Justice and Solidarity Necessary for Progress
Steps towards inclusive growth can decrease inequality and poverty. However, much remains to be done for greater fairness and social cohesion needed for sustainable development, as Dr Jomo Kwame Sundaram points out. This was published in the second edition of In Focus magazine.
The 2017 United Nations World Economic and Social Survey (WESS) underscored that international solidarity is necessary for reinvigorating the global economy as well as achieving inclusive and equitable development. Sustainable development is necessarily multidimensional and often context-specific, requiring strengthened state capacities and capabilities, strategic development planning and appropriate adaptation to local conditions.
A Step Forward
The United Nations’ 17 Sustainable Development Goals (SDGs) involve specific targets to be achieved, mainly by 2030. Its agenda attempts to be inclusive, addressing inequality and discrimination, and claiming roots in universal human rights.
The UN has been ahead of the curve on many issues, especially on closing gaps in human well-being between and within countries. From early on, it has urged developed countries to support socio-economic progress in developing countries – not only in their own interest as trading partners, but also to maintain conditions for greater economic stability and more equitable global development. It has also long called for predictable transfers of finance and technology to developing countries, and for opening up developed country markets to developing countries’ exports, especially of manufactures.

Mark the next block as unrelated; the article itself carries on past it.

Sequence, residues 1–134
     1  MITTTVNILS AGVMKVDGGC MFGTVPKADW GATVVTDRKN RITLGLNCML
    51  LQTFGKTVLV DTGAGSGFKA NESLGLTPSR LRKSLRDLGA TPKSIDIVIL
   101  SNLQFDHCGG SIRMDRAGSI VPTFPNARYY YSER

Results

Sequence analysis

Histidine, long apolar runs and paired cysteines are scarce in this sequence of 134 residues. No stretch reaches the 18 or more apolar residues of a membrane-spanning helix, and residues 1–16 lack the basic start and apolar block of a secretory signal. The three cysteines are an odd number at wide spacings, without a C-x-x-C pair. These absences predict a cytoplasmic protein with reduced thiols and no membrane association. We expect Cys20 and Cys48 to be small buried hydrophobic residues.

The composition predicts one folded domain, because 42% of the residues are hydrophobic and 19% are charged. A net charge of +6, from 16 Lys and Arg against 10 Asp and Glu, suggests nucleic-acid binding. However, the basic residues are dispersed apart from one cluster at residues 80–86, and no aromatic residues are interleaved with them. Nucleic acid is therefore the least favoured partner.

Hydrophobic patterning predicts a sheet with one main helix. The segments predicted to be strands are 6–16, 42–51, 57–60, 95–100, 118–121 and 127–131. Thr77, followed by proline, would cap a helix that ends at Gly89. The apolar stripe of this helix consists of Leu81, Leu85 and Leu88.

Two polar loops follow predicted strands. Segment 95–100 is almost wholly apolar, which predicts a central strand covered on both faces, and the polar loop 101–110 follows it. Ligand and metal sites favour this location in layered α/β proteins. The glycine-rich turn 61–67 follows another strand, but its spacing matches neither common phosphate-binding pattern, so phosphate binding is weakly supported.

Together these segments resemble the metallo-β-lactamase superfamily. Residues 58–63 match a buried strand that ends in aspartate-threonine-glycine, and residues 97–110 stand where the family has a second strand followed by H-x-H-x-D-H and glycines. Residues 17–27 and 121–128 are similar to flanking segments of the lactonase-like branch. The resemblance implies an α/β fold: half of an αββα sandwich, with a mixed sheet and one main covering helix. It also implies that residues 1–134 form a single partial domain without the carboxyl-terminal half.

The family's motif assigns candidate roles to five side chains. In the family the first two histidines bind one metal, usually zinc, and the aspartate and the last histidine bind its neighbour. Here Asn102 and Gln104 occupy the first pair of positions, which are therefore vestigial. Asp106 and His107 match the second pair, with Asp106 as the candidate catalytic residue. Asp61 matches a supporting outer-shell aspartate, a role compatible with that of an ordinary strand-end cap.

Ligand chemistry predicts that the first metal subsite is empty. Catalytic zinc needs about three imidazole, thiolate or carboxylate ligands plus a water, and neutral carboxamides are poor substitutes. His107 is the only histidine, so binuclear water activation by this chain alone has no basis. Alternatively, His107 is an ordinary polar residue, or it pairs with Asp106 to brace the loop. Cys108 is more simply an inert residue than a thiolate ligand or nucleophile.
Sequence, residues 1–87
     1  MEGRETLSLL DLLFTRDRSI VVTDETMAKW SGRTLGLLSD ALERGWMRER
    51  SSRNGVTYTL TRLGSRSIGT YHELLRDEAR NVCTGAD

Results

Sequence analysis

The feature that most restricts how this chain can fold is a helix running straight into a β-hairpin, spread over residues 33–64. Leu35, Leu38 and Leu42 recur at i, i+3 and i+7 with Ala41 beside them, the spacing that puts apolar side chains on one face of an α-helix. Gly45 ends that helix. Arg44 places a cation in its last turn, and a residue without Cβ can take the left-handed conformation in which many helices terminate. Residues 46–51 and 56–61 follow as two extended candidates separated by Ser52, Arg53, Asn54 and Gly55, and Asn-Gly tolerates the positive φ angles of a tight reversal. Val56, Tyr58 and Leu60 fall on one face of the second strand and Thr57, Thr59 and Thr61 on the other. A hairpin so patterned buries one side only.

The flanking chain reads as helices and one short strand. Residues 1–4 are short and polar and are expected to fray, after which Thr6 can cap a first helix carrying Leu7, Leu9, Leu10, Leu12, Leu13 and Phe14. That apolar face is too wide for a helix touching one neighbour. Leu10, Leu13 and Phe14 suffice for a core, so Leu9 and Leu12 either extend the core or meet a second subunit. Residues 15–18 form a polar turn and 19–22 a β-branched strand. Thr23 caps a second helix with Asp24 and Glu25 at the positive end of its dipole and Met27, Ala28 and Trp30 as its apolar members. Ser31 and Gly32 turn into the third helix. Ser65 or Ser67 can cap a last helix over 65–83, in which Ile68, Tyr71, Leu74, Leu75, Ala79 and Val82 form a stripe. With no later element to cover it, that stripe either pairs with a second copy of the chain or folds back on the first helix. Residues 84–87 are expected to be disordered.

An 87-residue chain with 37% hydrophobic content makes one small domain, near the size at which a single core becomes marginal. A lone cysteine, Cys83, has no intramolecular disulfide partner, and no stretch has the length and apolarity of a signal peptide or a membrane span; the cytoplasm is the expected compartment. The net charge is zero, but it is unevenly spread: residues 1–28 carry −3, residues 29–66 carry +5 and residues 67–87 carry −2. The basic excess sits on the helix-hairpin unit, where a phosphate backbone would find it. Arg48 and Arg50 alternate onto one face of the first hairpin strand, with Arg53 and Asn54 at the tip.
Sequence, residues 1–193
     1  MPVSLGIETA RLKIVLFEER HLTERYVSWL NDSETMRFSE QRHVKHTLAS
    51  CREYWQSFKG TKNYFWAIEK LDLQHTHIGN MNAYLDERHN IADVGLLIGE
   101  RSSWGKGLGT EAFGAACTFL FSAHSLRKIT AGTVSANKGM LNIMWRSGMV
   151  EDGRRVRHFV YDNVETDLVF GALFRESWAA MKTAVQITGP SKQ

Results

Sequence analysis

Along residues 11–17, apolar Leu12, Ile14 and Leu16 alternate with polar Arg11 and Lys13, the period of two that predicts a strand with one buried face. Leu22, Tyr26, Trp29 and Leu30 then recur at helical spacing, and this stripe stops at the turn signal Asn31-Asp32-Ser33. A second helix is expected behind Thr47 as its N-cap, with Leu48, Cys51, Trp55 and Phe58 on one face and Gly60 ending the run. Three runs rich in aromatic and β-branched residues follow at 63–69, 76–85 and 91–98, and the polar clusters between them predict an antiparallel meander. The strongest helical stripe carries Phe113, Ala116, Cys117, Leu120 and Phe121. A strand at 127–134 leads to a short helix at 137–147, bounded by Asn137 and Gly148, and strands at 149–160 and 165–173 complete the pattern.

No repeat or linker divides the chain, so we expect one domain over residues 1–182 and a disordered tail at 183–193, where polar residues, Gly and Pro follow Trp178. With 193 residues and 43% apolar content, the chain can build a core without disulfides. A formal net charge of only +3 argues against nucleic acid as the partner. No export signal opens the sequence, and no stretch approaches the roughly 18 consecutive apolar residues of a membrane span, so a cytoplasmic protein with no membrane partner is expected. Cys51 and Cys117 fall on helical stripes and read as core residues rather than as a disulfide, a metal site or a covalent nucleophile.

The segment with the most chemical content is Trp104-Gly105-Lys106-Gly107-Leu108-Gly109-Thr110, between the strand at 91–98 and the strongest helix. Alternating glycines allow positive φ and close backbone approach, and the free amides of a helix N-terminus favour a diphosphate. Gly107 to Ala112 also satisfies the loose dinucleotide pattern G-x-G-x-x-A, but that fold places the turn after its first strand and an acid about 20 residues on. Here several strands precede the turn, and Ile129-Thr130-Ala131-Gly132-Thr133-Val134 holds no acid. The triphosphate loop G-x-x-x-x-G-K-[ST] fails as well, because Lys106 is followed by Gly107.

The 1944 Bretton Woods conference created the International Monetary Fund (IMF), not only to help countries overcome balance of payments difficulties, but also ‘to direct economic and financial policies toward the objective of fostering orderly economic growth with reasonable price stability, with due regard to its circumstances’.
More recently, many governments claim to have learnt from the 1997-1998 Asian financial crises and the 2007-2009 global financial crisis. But while some measures implemented since may be effective in preventing their recurrence, others associated with deepening global financial integration may be inappropriate, inadequate or worse, even counterproductive.
Finance Follows Investment and Growth
Research points to reverse causality – of financial development necessitated by growth, supporting renowned economist Joan Robinson’s claim that ‘where enterprise leads, finance follows’, i.e., more money and credit become available as demand for both increases with economic growth.
Investors’ demand for finance leads to greater financial development. After all, money and credit are supposed to lubricate the real economy. Emerging and developing economies start from relatively low incomes, and therefore have greater growth potential.
In developed and ‘emerging market’ economies, especially in the Eurozone, finance continues to grow even as growth slows. Apparently, savings adjust slowly to sluggish income growth, resulting in a rising wealth-to-GDP ratio. This, in turn, creates demand for finance as households seek to ‘park’ their savings, borrow for consumption and buy new consumer durables.
Thus, the financial system grows even though economic growth declines. This may result in rising household indebtedness or increasing debt-to-income ratios, ending in debt bubbles and then defaults.
This is important as short-term capital inflows cannot enhance productive long-term investments. Short-term capital flows are easily reversible, and can suddenly leave, plunging countries into financial crisis.